KC: Yeah, I mean it’s, it’s, that makes me think of as you know, the float tanks and the isolation rooms that are all the rage now. Like people can’t sit in those for five minutes without losing their minds, right? Like all that silence. Um, yeah, it’s quiet and downtime and being in nature and all these things are things that we’ve actually become uncomfortable with because they’re so rare. We need them, our brains need them, our nervous system needs them. But the only way to get used to them again is to force it upon our, our schedule and, and a climate and you need to sit through that uncomfortableness until it passes. There’s so much value on the other side.
MR: Great advice. One more quick question for parents who have a new school year on the horizon. Any hacks to kind of ease school transitions?
KC: It’s all about sleep in my opinion. There’s, there’s so much data around how sleep impacts mental health, brain function. Nervous system function Clearly, we need a routine to get our kids out of bed in the morning. So, I would highly recommend two weeks before school starts. Not the Friday before school starts but two weeks before school starts, we institute the bed times that we are going to wind down routines and the brush your teeth routines all kind of stuff that we are going to have um uh during the school year as well as the wake up routines and to get ready routines and put your room together routines. Um I think what a lot of us tend to do is we uh make the most of those last few weeks of summer. We stay up late. We packed vacations and we travel all that kind of stuff. Um And there’s no way that your kids’ bodies brains and nervous systems acclimate to what they need to by the time school starts. So really work on building those routines and even if you’re on vacation whatever two weeks before school starts and that that will give their body plenty of time to acclimate. That includes diet when you eat breakfast and what kind of dessert, they get whatever those routines are going to be that help your child during the school year. They need to start two weeks at least before school uh kicks back into gear.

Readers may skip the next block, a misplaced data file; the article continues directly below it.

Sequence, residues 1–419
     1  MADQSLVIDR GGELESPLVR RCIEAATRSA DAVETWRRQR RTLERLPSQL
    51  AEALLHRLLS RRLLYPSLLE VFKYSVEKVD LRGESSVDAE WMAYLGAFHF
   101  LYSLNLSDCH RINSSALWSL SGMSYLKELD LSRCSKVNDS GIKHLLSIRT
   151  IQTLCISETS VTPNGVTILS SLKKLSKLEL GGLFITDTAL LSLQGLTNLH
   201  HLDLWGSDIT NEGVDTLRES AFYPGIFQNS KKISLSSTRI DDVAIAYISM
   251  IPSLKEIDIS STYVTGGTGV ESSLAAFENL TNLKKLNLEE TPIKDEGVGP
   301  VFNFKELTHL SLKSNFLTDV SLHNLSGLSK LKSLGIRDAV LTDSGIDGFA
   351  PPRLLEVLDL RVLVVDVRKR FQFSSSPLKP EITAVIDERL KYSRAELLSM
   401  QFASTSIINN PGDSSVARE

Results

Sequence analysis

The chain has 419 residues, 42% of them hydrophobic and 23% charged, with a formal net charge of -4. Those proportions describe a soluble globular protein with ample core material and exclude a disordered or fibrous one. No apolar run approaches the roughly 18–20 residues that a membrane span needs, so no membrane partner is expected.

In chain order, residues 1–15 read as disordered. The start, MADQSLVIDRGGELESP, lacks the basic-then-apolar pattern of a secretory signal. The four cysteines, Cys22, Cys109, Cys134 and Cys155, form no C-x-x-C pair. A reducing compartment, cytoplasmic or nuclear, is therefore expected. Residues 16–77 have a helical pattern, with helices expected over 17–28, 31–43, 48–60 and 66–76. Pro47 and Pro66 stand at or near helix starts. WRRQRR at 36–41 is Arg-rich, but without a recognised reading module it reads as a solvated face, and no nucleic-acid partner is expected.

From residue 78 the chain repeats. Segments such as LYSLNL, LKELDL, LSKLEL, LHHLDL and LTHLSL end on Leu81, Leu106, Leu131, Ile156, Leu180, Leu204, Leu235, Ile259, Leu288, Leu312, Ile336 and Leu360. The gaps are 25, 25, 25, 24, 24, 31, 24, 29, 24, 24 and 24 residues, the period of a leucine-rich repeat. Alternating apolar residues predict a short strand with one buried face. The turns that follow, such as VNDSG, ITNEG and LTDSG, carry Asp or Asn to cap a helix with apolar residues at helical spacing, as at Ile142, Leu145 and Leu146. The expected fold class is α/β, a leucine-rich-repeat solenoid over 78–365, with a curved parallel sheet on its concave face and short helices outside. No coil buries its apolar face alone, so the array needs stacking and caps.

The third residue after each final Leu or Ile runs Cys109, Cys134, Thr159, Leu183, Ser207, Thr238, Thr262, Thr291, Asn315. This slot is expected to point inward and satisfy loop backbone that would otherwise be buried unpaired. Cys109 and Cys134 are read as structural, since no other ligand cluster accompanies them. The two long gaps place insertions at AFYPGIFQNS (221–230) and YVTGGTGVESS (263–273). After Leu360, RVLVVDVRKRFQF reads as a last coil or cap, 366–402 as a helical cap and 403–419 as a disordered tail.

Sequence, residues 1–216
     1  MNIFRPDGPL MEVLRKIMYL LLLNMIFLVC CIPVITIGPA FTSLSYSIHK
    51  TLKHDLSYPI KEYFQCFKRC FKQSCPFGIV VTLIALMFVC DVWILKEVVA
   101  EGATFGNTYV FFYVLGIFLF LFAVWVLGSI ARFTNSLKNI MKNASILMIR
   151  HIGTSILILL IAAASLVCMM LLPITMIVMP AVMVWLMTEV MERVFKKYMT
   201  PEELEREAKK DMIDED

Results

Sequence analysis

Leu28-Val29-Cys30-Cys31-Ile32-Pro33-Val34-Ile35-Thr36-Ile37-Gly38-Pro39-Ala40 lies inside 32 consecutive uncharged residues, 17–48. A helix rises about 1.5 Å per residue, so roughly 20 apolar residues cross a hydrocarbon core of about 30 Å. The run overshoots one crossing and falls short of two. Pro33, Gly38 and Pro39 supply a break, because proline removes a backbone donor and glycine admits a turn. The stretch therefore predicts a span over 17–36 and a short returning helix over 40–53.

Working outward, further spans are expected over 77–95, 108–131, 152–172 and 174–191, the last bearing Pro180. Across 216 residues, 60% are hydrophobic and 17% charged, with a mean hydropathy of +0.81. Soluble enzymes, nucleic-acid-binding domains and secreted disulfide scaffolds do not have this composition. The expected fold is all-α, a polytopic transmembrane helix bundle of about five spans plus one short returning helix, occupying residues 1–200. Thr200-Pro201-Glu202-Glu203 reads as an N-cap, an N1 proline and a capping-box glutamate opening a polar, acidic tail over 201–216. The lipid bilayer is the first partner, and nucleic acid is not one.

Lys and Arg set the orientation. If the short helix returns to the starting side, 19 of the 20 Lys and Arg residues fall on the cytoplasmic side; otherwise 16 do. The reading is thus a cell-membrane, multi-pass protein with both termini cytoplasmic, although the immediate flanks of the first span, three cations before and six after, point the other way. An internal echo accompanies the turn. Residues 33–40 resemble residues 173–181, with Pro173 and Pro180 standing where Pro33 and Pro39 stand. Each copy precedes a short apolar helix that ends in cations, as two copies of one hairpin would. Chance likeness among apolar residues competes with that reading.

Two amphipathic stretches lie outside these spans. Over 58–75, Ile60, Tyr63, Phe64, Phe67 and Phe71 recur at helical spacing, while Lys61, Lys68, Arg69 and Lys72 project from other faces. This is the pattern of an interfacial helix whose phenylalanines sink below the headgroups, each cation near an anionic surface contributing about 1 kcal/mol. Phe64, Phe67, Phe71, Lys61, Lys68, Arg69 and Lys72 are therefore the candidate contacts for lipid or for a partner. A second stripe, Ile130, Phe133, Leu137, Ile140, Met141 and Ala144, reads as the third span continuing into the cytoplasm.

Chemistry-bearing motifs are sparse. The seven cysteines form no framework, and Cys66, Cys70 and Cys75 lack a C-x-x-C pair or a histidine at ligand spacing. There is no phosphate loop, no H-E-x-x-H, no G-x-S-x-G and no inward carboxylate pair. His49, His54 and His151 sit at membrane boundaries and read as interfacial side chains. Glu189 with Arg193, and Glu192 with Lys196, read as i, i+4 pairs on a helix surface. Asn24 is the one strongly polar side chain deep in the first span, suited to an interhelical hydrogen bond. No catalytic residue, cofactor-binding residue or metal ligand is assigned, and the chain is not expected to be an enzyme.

MR: Alright, great advice at all as always Ken, thank you so much for joining us today.
KC: Great to be here. Thanks for asking the right questions.
MR: And thank you for joining us today. We’ll see you back here next week for more AFMC TV.